With these ideas and arguments (as well as counterarguments from personal experience and included in the book) in mind, Chapters 5 and 10—“Greenbelt Writing” and “The Reluctant Writers” —were the two chapters that resonated with me the most; they pushed my thinking and perspective, and as a result, I scrapped my plans for the last 3.5 weeks with my 6th grade Writing Connections and rebooted to have a “Greenbelt Writing” unit. While a formal unit is not truly in the spirit of the book, it is a starting point for us and a space for us to experiment with greenbelt writing; it also gives us this space to simply write, share, and hopefully thrive while sustaining our writing stamina. I also see the greenbelt writing project as a space for us to plant seeds for the 2017-18 year and to figure out how to better balance greenbelt writing with the required genres I know my students must learn. Though I am presenting this as a unit to my 6th grade writers, I am trying to stay true to Fletcher’s urging that we not keep out as teachers but adopt a “hands off” (40) approach in terms of letting students pick their genres of writing/writing projects and evaluating their work/knowing when it is publish-ready. Most importantly, this unit is designed to give students “spaces and opportunities to experience the pleasure of writing” (40).
Last week, we began by brainstorming topics we were interested in writing about. I then introduced our project guidelines to both of my sections of 6th Writing Connections. I have organized our project into two writing cycles; in each cycle, students choose two writing projects to develop and publish on our 6th Writing Connections KidBlog. We also reviewed our calendar and timeline for Writing Cycle 1.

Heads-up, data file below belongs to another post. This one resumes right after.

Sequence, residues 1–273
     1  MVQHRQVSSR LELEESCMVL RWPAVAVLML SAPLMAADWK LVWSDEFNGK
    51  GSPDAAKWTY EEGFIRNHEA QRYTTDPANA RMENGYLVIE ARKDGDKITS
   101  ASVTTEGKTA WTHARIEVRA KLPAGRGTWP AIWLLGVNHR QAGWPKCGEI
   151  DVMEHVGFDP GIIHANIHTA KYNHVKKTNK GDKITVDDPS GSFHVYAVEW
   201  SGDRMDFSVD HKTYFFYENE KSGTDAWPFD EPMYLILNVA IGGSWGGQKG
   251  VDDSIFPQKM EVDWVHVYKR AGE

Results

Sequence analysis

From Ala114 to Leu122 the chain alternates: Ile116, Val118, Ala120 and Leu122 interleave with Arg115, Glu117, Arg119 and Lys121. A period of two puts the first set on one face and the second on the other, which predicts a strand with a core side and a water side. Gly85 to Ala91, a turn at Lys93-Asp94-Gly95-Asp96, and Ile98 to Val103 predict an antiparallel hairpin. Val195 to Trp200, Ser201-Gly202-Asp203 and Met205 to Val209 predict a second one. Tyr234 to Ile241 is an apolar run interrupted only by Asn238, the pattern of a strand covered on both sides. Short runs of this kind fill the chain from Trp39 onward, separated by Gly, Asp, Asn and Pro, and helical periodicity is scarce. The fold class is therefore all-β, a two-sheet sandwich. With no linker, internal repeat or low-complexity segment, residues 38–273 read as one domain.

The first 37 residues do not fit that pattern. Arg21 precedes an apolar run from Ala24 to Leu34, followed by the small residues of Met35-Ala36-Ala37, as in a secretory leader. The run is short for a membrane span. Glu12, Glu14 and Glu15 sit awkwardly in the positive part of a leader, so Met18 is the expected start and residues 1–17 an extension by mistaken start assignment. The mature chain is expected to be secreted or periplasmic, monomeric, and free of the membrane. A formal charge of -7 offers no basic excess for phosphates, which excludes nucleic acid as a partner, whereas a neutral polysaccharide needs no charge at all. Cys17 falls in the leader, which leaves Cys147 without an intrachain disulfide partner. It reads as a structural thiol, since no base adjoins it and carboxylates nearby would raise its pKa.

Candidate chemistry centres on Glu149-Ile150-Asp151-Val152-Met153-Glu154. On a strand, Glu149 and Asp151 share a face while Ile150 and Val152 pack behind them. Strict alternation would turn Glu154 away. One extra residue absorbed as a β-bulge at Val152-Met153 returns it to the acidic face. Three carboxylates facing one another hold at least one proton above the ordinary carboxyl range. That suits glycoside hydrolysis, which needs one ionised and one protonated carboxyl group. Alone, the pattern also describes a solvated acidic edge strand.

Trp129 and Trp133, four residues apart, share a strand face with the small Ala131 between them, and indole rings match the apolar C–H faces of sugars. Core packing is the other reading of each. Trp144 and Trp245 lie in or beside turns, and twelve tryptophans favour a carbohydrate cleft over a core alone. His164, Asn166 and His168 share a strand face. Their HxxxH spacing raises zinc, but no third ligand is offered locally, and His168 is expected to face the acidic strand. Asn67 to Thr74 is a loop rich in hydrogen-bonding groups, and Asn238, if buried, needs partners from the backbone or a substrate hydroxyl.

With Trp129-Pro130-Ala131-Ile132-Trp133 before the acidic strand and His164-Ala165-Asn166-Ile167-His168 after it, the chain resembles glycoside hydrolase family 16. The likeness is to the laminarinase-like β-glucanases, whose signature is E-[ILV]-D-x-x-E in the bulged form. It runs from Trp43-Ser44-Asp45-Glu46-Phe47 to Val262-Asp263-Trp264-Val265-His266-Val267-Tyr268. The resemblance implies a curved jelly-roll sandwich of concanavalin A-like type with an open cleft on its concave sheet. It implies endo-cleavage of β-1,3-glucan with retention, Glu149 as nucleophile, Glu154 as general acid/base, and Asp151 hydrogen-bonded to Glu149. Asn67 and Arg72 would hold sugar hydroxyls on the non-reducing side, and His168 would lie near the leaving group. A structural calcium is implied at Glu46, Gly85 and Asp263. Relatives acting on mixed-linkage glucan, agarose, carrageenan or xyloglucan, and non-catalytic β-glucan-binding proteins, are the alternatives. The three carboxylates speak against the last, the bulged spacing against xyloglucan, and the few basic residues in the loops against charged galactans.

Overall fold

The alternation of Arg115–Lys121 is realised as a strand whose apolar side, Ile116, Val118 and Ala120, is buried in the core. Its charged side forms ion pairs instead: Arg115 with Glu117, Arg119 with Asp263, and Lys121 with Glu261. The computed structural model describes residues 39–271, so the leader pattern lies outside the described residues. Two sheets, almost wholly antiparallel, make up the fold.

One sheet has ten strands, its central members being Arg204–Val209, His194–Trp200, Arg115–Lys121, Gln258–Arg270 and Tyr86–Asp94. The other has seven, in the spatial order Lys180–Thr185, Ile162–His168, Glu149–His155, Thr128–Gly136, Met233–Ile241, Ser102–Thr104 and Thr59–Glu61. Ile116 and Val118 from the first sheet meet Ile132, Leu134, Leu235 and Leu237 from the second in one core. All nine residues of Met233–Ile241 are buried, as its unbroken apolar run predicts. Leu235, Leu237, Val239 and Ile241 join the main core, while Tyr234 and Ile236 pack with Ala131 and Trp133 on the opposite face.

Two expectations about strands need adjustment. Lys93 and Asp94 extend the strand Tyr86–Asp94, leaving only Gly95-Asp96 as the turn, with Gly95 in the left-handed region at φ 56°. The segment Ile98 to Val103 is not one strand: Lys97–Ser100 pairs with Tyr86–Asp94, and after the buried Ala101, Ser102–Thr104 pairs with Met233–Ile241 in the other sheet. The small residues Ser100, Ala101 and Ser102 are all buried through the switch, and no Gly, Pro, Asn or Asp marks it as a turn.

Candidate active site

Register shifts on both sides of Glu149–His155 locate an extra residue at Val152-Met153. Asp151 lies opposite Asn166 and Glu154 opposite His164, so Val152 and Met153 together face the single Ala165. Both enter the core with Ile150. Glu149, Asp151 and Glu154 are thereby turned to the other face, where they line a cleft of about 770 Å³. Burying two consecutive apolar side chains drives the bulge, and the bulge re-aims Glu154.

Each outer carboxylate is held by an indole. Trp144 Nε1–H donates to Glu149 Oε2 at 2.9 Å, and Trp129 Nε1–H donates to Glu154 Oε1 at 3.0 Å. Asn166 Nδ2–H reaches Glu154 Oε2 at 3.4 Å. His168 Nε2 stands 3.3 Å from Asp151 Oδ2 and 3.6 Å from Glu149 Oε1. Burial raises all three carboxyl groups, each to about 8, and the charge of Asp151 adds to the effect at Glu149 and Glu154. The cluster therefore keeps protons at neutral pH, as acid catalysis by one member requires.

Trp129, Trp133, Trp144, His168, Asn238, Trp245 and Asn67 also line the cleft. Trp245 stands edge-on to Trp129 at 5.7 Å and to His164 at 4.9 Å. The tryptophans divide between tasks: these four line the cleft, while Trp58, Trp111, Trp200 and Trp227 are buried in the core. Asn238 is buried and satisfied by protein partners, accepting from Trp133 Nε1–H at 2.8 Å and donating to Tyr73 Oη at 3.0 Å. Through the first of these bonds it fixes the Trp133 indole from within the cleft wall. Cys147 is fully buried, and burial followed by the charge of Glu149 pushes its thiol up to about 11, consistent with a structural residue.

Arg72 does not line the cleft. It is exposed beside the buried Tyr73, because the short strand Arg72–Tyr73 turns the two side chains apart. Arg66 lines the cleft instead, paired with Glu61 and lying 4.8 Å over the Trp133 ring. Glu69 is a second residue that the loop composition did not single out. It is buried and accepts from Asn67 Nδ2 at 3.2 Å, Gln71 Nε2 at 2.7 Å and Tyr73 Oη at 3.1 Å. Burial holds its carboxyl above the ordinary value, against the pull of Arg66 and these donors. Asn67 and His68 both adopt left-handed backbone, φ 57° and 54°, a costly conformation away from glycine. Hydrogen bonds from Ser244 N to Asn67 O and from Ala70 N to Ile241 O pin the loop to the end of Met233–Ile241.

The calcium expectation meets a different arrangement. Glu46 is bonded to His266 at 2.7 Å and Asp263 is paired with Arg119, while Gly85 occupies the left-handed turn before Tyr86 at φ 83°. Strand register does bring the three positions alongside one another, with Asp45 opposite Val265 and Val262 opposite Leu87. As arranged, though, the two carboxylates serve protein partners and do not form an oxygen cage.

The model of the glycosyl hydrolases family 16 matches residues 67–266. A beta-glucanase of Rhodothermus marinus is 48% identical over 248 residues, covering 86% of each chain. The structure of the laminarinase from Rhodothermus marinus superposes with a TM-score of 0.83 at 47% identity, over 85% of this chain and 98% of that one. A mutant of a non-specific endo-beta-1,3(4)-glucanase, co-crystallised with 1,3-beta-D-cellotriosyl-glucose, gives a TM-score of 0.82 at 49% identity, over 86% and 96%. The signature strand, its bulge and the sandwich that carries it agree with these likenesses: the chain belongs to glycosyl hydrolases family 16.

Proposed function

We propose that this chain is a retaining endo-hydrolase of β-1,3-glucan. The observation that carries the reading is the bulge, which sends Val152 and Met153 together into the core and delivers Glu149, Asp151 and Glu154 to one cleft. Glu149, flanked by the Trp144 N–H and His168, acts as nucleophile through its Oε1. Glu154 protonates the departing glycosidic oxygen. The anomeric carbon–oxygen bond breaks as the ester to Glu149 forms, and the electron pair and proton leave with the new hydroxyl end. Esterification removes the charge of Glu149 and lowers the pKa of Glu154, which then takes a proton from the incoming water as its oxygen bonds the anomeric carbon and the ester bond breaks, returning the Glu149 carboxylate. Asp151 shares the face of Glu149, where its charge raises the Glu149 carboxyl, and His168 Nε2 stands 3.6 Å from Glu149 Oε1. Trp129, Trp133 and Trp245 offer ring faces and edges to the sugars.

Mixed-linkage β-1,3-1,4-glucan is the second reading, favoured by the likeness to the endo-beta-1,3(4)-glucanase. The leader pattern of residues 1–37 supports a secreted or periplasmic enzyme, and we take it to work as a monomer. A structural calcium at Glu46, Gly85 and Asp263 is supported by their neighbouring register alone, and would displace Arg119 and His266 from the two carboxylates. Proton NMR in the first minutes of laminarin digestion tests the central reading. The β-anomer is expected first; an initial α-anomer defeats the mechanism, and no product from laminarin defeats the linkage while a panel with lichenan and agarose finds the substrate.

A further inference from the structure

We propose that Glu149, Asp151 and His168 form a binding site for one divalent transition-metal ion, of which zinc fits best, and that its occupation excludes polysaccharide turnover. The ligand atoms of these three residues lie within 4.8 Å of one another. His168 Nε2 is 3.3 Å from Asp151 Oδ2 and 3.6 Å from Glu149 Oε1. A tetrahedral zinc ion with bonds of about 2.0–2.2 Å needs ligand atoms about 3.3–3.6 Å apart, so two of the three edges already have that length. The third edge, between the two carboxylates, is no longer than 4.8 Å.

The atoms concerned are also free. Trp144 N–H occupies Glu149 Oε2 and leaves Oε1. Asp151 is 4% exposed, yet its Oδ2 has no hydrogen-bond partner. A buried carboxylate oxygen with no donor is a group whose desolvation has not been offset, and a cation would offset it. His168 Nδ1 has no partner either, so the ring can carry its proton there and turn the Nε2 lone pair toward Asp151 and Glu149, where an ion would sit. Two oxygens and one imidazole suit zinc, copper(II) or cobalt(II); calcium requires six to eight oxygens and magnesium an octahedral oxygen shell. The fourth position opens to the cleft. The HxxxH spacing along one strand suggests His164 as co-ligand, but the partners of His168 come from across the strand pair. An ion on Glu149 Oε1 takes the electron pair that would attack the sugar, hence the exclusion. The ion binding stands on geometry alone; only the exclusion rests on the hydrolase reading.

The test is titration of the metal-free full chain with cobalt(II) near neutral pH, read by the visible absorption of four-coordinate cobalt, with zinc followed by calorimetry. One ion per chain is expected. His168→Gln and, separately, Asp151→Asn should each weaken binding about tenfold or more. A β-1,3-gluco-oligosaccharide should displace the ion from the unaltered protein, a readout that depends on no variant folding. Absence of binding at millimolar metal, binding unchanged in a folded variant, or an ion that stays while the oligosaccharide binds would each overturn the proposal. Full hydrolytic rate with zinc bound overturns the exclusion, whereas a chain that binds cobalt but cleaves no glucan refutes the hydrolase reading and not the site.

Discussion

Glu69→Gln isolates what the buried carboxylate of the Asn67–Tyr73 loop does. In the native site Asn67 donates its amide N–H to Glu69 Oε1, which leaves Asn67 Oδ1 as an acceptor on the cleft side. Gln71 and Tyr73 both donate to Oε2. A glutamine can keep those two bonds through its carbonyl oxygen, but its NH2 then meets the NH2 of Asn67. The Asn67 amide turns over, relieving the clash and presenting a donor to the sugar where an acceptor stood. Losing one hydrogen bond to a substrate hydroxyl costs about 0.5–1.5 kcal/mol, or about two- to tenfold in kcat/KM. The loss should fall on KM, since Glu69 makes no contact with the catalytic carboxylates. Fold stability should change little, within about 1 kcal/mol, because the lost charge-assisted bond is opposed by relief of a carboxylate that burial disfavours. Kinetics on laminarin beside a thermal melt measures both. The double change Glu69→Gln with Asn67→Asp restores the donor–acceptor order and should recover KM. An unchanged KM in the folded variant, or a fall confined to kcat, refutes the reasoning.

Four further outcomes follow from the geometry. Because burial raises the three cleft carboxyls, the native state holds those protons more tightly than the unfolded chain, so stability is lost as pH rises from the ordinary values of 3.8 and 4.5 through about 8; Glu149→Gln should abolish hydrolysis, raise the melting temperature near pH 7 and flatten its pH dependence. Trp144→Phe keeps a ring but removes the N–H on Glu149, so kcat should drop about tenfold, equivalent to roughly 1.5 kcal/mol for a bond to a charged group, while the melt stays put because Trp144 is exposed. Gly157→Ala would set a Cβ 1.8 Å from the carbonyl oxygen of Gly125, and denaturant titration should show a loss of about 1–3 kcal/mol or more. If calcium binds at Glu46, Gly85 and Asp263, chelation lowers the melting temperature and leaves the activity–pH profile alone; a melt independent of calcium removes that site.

All of my 6th graders are struggling writers, so I thought about how to keep the writing open yet provide some flexible writing structures for those who might want something to help them start. I crafted the following menu and stations for each kind of writing that students could visit:
Students always have the option to free-write most of the genres; some of the genres are ones we have done earlier in the year, like different kinds of poetry and personal narratives. While I know Fletcher railed against the use of any templates in his book, the reality is that many of my students honestly have NO idea where or how to begin even with lots of modeling. I primarily used writing/text structures from Gretchen Bernabei (I have all of her books!) because I love how her work provides flexible writing/text structures to help students who need “training wheels” to get them going with their selected writing pieces if they are not sure how to begin with their choices as a free-write. Her text structures and “kernel essays” also give them ideas for exploring different ways writing might look within a genre. Here are my go to resources I used from Gretchen: